Our Gemara on Amud Beis delves into the discussion of whether certain signs, known as simanim, are powerful enough identifiers to be relied upon in matters pertaining to Torah law.
Rav Ashi states the following: If there is a hole in a specific location next to a particular letter in a bill of divorce, which serves as a distinct and prominent distinguishing mark for the owner.
The Gemara, in Bava Metzia 28a, derives the concept of simanim (distinguishing marks) from a verse in Devarim 22:2. Rava explains that the identification of an item based on distinguishing marks is mandated by Torah law. The verse states, “And if your brother is not near you and you do not know him, then you shall bring it into your house, and it shall be with you until your brother seeks [derosh] it, and you shall return it to him.” Rava emphasizes that one should not return a lost item until the finder scrutinizes the claimant to determine whether they are genuine or potentially deceitful. This scrutiny includes verifying whether the claimant provides distinguishing marks as proof of ownership.
The Zohar, in Chukas 184a, also derives the concept of simanim from the same verse but with a different approach and context. The word “it” in the phrase “until your brother seeks [derosh] it” is written in Hebrew as אותו (oso), which also means a sign or marker. For example, tefilin are referred to as signs (osos) on our arms and heads (Shemos 13:9). According to the Zohar, the verse can be understood as “and it shall be with you until your brother seeks its sign,” implying that the claimant must prove their ownership by showing a distinguishing sign or mark (אות שלו).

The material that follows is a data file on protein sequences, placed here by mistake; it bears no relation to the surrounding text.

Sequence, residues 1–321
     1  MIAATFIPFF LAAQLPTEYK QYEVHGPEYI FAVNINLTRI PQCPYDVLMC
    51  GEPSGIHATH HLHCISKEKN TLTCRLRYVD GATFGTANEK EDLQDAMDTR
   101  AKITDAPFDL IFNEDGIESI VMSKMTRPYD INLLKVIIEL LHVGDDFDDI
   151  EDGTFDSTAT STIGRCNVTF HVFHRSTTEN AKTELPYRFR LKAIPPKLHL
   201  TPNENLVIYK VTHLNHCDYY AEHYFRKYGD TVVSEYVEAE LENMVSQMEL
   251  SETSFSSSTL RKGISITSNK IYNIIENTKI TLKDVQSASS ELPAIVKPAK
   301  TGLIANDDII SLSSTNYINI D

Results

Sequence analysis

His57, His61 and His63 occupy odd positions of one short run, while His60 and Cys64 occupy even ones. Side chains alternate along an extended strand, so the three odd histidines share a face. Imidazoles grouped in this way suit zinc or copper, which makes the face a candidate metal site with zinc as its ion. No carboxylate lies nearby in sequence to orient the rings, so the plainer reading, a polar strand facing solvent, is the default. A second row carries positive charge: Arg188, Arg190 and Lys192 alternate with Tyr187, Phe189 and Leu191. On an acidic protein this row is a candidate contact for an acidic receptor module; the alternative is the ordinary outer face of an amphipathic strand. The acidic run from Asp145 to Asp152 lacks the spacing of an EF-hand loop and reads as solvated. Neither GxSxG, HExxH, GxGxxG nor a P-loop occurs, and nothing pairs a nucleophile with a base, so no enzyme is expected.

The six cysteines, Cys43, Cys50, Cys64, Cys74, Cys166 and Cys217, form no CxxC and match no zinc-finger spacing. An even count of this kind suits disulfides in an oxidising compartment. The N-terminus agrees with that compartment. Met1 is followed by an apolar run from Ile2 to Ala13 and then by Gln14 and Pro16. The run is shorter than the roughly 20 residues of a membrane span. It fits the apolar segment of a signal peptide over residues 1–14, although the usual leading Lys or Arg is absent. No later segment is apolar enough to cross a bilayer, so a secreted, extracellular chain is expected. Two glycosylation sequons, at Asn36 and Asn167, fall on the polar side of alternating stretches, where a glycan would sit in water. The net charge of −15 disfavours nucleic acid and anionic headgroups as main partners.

Expanding on this interpretation, the Zohar notes that the word אותו (oso) is written with a full form, including the vowel “vav,” in two instances in the Torah: when referring to a lost object and when describing Moshe’s battle with Og, the King of Bashan. This highlights that both situations involve signs. In the case of the lost object, as previously discussed, the sign serves as proof of identification. In the case of the battle against Og, the verse states (Bamidbar 21:34):
וַיֹּ֨אמֶר ה׳ אֶל־מֹשֶׁה֙ אַל־תִּירָ֣א אֹות֔וֹ כִּ֣י בְיָדְךָ֞ נָתַ֧תִּי אֹת֛וֹ וְאֶת־כל־עַמּ֖וֹ וְאֶת־אַרְצ֑וֹ וְעָשִׂ֣יתָ לּ֔וֹ כַּאֲשֶׁ֣ר עָשִׂ֗יתָ לְסִיחֹן֙ מֶ֣לֶךְ הָֽאֱמֹרִ֔י אֲשֶׁ֥ר יוֹשֵׁ֖ב בְּחֶשְׁבּֽוֹן׃
“But Hashem said to Moses, ‘Do not fear him, for I give him and all his troops and his land into your hand. You shall do to him as you did to Sihon, king of the Amorites, who dwelt in Heshbon.'”
The Zohar’s interpretation suggests that the phrase “Do not fear HIM אותו” can be understood as “Do not fear his sign,” indicating that Moshe should not be concerned about any merits Og may have gained through his assistance to Avraham. (We should note that our versions of Tanach do not have the אותו with the “vav” vowel, as Minchas Shai points this out without providing an explanation.)
Every Midrashic expansion of the narrative is rooted in resolving textual or contextual issues, serving as a proof text. In this case, the question arises as to why Moshe, chosen by God to deliver the Ten Plagues to Pharaoh, would be afraid of Og. After all, doesn’t Moshe possess greater merit and isn’t he the leader who is to help the Jewish people acquire their destiny and homeland? However, the answer lies in a deeper understanding. Moshe recognizes that even miraculous events like the Ten Plagues must align with a larger divine plan for the world. The “merit” that Moshe fears in Og is the advantage of fulfilling an essential aspect of God’s will. When evil appears to triumph over good temporarily, it is crucial to believe that it is part of a greater plan.